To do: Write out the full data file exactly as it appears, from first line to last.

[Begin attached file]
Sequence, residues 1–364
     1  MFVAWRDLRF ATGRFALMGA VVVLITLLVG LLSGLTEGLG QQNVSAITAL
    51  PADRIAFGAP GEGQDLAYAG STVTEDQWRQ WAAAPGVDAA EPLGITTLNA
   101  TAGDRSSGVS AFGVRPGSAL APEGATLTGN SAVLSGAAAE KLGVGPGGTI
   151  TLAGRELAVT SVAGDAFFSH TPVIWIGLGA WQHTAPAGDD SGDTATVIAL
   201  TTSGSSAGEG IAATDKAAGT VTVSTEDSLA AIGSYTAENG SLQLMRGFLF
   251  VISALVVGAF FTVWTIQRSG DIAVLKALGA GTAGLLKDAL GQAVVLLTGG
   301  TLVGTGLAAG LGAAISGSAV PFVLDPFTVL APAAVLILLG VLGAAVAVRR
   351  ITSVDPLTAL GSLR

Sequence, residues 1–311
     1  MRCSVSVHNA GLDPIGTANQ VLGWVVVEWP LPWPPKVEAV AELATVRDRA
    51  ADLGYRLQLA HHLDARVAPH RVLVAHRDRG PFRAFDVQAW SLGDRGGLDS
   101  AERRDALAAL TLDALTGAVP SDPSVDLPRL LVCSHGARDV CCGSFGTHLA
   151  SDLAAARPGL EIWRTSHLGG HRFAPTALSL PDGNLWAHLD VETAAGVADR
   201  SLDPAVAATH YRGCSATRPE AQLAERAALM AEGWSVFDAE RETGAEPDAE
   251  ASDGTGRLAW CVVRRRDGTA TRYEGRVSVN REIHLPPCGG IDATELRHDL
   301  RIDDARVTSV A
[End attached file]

Sequence, residues 1–364
     1  MFVAWRDLRF ATGRFALMGA VVVLITLLVG LLSGLTEGLG QQNVSAITAL
    51  PADRIAFGAP GEGQDLAYAG STVTEDQWRQ WAAAPGVDAA EPLGITTLNA
   101  TAGDRSSGVS AFGVRPGSAL APEGATLTGN SAVLSGAAAE KLGVGPGGTI
   151  TLAGRELAVT SVAGDAFFSH TPVIWIGLGA WQHTAPAGDD SGDTATVIAL
   201  TTSGSSAGEG IAATDKAAGT VTVSTEDSLA AIGSYTAENG SLQLMRGFLF
   251  VISALVVGAF FTVWTIQRSG DIAVLKALGA GTAGLLKDAL GQAVVLLTGG
   301  TLVGTGLAAG LGAAISGSAV PFVLDPFTVL APAAVLILLG VLGAAVAVRR
   351  ITSVDPLTAL GSLR

Sequence, residues 1–311
     1  MRCSVSVHNA GLDPIGTANQ VLGWVVVEWP LPWPPKVEAV AELATVRDRA
    51  ADLGYRLQLA HHLDARVAPH RVLVAHRDRG PFRAFDVQAW SLGDRGGLDS
   101  AERRDALAAL TLDALTGAVP SDPSVDLPRL LVCSHGARDV CCGSFGTHLA
   151  SDLAAARPGL EIWRTSHLGG HRFAPTALSL PDGNLWAHLD VETAAGVADR
   201  SLDPAVAATH YRGCSATRPE AQLAERAALM AEGWSVFDAE RETGAEPDAE
   251  ASDGTGRLAW CVVRRRDGTA TRYEGRVSVN REIHLPPCGG IDATELRHDL
   301  RIDDARVTSV A